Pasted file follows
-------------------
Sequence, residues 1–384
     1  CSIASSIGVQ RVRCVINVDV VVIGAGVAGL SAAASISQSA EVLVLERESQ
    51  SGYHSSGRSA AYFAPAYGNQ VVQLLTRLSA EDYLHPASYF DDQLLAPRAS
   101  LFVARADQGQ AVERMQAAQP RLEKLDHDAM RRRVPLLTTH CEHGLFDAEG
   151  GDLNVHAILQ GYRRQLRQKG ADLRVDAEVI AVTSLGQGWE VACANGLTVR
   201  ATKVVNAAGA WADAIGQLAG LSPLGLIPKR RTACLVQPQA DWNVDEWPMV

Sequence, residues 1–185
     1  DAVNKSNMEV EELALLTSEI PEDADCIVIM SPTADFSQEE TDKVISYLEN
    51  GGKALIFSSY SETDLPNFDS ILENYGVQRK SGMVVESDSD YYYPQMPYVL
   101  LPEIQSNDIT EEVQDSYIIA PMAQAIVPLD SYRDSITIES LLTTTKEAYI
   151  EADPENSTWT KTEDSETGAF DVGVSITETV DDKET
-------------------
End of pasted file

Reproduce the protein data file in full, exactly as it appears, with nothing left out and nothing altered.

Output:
Sequence, residues 1–384
     1  CSIASSIGVQ RVRCVINVDV VVIGAGVAGL SAAASISQSA EVLVLERESQ
    51  SGYHSSGRSA AYFAPAYGNQ VVQLLTRLSA EDYLHPASYF DDQLLAPRAS
   101  LFVARADQGQ AVERMQAAQP RLEKLDHDAM RRRVPLLTTH CEHGLFDAEG
   151  GDLNVHAILQ GYRRQLRQKG ADLRVDAEVI AVTSLGQGWE VACANGLTVR
   201  ATKVVNAAGA WADAIGQLAG LSPLGLIPKR RTACLVQPQA DWNVDEWPMV

Sequence, residues 1–185
     1  DAVNKSNMEV EELALLTSEI PEDADCIVIM SPTADFSQEE TDKVISYLEN
    51  GGKALIFSSY SETDLPNFDS ILENYGVQRK SGMVVESDSD YYYPQMPYVL
   101  LPEIQSNDIT EEVQDSYIIA PMAQAIVPLD SYRDSITIES LLTTTKEAYI
   151  EADPENSTWT KTEDSETGAF DVGVSITETV DDKET